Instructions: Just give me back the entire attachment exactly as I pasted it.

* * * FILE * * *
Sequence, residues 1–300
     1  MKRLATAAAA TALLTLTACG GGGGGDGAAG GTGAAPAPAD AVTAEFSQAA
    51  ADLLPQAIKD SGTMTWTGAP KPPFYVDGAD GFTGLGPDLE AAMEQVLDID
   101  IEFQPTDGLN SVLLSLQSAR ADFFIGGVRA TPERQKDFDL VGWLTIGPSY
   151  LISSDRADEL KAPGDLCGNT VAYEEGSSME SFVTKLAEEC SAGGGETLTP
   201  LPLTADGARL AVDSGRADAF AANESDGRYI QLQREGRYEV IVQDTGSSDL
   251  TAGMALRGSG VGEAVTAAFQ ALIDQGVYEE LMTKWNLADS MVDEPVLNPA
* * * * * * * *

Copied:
Sequence, residues 1–300
     1  MKRLATAAAA TALLTLTACG GGGGGDGAAG GTGAAPAPAD AVTAEFSQAA
    51  ADLLPQAIKD SGTMTWTGAP KPPFYVDGAD GFTGLGPDLE AAMEQVLDID
   101  IEFQPTDGLN SVLLSLQSAR ADFFIGGVRA TPERQKDFDL VGWLTIGPSY
   151  LISSDRADEL KAPGDLCGNT VAYEEGSSME SFVTKLAEEC SAGGGETLTP
   201  LPLTADGARL AVDSGRADAF AANESDGRYI QLQREGRYEV IVQDTGSSDL
   251  TAGMALRGSG VGEAVTAAFQ ALIDQGVYEE LMTKWNLADS MVDEPVLNPA